I stumbled upon Bible journaling while I was searching for a new study Bible in March. As a visual person, I was intrigued, but also turned off at what some people did in the pages of their Bibles. Another turn off was the money making behind all the products specifically for Bible journaling.
I let this idea sit for awhile, and got a Journaling Bible for my birthday. I liked it because of the wide, lined margins. I didn’t get the kind with coloring designs in it.
A while later, I was in invited to take part in an online class on Psalm 119, learning how to do Bible journaling in a planner (similar to scrapbooking, but done digitally). I jumped on it, since this isn’t done in my Bible.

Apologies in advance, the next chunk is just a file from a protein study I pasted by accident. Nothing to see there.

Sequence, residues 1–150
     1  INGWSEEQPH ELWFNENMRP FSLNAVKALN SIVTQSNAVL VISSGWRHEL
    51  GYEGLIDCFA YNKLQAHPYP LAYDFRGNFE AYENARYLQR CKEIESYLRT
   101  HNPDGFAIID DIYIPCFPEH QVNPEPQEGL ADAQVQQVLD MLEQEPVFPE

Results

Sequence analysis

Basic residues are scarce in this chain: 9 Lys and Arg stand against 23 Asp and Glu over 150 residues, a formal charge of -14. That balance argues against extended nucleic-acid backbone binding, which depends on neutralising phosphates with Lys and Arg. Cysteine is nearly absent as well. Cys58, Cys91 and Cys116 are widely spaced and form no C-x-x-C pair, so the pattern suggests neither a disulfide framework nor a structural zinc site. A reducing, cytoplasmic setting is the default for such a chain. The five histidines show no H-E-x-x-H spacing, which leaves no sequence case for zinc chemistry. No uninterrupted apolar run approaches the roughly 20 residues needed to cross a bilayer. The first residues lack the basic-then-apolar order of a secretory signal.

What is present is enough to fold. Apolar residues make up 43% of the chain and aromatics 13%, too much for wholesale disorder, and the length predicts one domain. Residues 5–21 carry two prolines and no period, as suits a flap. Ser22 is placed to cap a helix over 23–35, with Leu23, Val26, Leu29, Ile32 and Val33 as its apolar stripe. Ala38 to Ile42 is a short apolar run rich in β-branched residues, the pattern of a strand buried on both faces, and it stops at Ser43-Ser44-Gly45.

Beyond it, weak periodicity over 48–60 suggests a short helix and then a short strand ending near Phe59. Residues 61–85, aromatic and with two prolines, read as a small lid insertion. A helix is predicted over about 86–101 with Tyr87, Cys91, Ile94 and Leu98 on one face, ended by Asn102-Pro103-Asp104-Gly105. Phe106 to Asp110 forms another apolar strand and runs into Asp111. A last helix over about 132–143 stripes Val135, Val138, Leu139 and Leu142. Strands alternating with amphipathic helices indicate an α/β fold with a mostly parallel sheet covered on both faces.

Experiencing how interacting with the text in this visual way helped me to meditate, and remember what I learned, caused me to become more curious about this whole Bible journaling movement. I was intrigued, but still didn’t like what I saw online where people cover the whole page with art, even to the point that you can’t read the words.
Now, I have made small illustrations to help me memorize a passage or to help me remember the meaning of words in the original languages, but what I was seeing online looked so inappropriate. To me it seemed disrespectful.
Still I wanted to learn more. I ordered a couple of books on the subject: The Complete Guide to Bible journaling, Joanne Fink & Regina Yoder and Illuminated Journaling, Jann Grey.
To be continued…